After kidney scam, India eyes anti-quackery bill
The Indian government is considering enacting legislation to outlaw quacks following the multi-state racket.delhi Updated: Feb 03, 2008 16:16 IST
The Indian government is considering enacting legislation to outlaw quacks following the multi-state racket where unqualified doctors conducted hundreds of illegal kidney transplants for huge profits.
No one seems to know, however, just how many quacks - people who act like doctors and even do surgeries without valid medical qualification - are there all over India. One estimate puts the number at a staggering one million.
Some say this is a conservative figure. In Delhi alone, according to some officials and doctors, there are as many as 40,000 quacks operating from homes and clinics. Because of the high fees qualified doctors charge, a large number of poor people patronise quacks.
Amit Kumar, the kingpin of the multi-million-rupee kidney racket busted last week in Gurgaon near New Delhi, too was a quack. But he ran his operation for nine long years, his network of clients coming from all over India and even abroad.
Not just Amit Kumar, even his brother Jeewan Raut is a quack. Amit Kumar has been described as an ayurveda doctor who, however, never practised the ancient Indian system of medicine. Instead, he went for quick money.
"The central government does not appear serious about the problem of quackery. The state governments too are not framing any laws against them. The need of the hour is to check the gory trade in human organs," SN Mishra, president of the Indian Medical Association (IMA), the apex body of doctors, told IANS.
So are there a million quacks in India?
"The number could be much higher," said Anil Bansal, a member of the Delhi Medical Council. "We have several times asked for a survey to ascertain their number and to initiate action against them."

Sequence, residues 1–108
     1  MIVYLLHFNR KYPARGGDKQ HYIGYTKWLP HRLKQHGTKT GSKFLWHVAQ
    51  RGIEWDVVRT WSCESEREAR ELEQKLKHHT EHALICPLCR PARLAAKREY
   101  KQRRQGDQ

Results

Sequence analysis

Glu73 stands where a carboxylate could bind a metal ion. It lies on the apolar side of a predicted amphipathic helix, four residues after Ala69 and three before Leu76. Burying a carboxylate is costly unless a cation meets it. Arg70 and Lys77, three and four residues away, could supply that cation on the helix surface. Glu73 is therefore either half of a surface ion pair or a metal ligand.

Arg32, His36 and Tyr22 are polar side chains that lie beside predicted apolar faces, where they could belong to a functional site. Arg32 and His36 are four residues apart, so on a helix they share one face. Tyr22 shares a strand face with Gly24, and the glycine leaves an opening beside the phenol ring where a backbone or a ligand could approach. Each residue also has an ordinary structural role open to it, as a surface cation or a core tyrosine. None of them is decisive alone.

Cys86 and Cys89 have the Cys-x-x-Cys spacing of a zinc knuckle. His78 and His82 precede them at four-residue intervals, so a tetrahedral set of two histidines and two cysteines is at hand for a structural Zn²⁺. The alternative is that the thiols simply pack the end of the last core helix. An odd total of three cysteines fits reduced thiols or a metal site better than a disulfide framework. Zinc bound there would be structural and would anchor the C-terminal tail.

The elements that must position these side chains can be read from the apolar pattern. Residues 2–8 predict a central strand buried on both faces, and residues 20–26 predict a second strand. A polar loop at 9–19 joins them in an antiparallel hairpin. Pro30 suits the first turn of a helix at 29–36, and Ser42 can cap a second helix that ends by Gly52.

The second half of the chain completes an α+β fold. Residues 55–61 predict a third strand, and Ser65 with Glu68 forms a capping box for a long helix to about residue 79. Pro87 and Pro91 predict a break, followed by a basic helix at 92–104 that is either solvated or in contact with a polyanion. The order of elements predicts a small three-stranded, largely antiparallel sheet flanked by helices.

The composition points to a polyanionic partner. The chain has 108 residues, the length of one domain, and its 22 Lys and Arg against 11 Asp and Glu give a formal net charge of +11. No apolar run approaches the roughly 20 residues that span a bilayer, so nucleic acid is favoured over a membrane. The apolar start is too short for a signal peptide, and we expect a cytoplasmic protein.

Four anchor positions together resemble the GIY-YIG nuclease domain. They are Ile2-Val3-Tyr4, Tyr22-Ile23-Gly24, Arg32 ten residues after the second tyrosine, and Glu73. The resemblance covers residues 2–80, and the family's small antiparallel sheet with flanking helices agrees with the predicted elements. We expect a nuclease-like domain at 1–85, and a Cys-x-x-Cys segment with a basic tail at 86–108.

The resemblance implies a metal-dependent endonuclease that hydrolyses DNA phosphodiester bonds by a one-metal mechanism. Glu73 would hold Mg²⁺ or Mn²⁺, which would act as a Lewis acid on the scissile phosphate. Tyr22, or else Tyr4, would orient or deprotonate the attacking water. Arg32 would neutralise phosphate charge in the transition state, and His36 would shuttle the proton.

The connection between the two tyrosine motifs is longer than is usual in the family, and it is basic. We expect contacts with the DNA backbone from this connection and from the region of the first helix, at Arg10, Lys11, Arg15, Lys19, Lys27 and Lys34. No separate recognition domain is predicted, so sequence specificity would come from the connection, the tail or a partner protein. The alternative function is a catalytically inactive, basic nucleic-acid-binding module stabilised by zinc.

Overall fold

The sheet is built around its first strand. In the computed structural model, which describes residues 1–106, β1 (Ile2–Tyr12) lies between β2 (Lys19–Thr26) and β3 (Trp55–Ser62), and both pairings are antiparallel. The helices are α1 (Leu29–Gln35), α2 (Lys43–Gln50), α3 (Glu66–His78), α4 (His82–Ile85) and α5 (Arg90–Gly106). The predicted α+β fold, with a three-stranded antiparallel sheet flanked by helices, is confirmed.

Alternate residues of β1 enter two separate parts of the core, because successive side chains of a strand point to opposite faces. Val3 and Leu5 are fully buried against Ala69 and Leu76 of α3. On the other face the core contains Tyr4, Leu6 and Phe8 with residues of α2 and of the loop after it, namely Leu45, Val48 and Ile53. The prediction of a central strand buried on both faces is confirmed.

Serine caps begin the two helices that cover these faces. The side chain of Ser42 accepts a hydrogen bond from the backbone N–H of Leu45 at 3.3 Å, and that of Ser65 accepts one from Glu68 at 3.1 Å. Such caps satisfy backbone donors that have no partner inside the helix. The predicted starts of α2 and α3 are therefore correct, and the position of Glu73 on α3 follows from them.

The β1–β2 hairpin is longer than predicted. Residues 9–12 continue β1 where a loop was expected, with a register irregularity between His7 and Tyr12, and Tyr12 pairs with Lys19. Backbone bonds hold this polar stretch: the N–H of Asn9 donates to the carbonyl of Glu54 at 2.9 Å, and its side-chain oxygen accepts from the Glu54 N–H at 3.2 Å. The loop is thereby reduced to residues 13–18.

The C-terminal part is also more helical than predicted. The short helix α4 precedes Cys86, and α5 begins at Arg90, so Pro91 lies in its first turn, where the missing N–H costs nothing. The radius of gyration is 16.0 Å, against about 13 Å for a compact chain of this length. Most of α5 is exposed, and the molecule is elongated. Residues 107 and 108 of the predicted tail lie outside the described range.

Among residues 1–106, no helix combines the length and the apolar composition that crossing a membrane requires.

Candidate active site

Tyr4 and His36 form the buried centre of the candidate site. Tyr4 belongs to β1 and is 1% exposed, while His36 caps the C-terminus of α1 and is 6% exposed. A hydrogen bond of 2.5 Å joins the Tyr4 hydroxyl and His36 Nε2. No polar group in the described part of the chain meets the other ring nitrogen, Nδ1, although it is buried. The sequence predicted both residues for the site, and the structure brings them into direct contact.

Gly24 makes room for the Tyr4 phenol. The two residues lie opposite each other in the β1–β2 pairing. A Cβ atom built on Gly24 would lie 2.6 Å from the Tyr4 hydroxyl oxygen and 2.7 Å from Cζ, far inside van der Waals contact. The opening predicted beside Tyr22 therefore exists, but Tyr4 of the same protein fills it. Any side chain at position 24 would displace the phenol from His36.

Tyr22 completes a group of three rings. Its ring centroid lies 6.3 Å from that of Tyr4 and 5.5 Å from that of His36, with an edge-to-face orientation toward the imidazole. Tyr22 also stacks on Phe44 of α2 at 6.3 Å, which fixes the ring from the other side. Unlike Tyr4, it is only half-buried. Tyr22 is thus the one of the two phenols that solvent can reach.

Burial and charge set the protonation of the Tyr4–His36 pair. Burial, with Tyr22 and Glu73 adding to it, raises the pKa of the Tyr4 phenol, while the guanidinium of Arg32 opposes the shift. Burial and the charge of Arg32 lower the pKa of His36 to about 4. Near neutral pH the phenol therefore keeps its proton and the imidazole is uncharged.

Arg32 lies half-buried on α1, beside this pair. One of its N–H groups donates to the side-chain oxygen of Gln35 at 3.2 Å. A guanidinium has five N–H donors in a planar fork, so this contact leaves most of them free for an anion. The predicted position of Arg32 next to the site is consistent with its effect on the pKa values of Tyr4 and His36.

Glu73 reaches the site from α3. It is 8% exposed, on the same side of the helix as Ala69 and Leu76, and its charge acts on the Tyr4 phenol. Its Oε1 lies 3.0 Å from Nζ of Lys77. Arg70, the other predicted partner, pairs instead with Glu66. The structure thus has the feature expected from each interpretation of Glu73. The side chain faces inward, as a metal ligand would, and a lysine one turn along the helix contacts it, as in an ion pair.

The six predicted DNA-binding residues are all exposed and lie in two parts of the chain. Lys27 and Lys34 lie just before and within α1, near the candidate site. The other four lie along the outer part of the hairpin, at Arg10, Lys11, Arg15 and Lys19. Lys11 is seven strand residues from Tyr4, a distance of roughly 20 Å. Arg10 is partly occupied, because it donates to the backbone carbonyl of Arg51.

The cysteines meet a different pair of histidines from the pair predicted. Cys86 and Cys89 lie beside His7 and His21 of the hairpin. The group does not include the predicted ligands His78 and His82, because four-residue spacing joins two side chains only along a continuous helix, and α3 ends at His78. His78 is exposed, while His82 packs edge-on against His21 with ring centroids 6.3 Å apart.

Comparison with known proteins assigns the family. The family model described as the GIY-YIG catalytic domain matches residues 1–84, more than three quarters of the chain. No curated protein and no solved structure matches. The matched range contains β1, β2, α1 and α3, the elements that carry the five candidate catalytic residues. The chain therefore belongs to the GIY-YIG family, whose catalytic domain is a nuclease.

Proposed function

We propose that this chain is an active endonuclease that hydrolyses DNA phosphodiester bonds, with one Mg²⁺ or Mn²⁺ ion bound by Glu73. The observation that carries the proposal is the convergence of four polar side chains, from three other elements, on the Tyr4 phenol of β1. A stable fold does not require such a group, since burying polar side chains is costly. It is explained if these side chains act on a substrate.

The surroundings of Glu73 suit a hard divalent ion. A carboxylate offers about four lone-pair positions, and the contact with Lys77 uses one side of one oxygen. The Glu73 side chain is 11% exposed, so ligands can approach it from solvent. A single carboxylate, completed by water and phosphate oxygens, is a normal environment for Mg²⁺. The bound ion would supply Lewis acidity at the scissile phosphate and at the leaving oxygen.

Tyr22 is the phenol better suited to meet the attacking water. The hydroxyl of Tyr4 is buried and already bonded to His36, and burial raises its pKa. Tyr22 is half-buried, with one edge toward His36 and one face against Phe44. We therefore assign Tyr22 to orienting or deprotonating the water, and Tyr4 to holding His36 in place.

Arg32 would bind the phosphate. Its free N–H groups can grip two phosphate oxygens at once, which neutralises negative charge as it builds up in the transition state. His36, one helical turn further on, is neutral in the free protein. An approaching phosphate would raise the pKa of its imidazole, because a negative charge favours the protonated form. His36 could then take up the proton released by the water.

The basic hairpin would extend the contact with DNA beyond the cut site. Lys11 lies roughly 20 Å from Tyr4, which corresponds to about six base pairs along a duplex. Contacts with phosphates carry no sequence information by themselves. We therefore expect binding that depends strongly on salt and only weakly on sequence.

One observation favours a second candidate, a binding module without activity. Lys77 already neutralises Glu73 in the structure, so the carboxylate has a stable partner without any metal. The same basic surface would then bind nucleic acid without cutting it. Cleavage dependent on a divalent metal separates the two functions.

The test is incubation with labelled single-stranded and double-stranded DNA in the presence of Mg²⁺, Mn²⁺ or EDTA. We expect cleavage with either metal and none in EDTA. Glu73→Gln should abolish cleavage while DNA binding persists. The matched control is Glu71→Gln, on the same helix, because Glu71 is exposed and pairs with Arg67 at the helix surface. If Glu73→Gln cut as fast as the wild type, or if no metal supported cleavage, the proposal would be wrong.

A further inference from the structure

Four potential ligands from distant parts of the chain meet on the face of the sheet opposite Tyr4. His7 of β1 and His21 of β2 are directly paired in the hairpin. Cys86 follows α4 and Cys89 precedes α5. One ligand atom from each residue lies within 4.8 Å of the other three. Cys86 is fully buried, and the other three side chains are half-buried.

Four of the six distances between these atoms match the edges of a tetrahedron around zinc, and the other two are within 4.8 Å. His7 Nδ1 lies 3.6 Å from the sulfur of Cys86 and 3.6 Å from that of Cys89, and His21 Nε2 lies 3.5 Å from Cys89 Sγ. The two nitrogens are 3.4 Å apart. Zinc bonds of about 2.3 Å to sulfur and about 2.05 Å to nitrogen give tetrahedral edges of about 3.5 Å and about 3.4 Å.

He said the Delhi government drafted a bill in 1998, which the assembly approved with the rider that quacks be rehabilitated. But the bill did not see the light of day.
"The rehabilitation of quacks involved financial implications running into millions of rupees. So the bill could not take the shape of law as the Delhi assembly got dissolved," he said.
Bansal, who is synonymous with the campaign against quacks in the capital, said that in 2000 former health minister CP Thakur was ready with a draft of an anti-quackery bill. However, it could not come up for discussion and approval in Parliament.
The ministry of health and family welfare is looking into the demand for such a legislation. "It is at the discussion level," a ministry official requesting anonymity told IANS.
Delhi Chief Secretary Rakesh Mehta also told IANS that the government was working to redraft the earlier anti-quackery bill. "The earlier bill had lacunae and needed a serious re-look into several dimensions of the problem."
Even the police feel constrained due to the lack of legislation.
"The complaint against quacks has to come either from the public or doctors' bodies to enable us to act," Delhi Police spokesperson Rajan Bhagat said.
"Legislation framed either at the central or state level would empower the police to take action against anyone violating the law. At present, there are no laws that allow us to prosecute the quacks," Bhagat told IANS.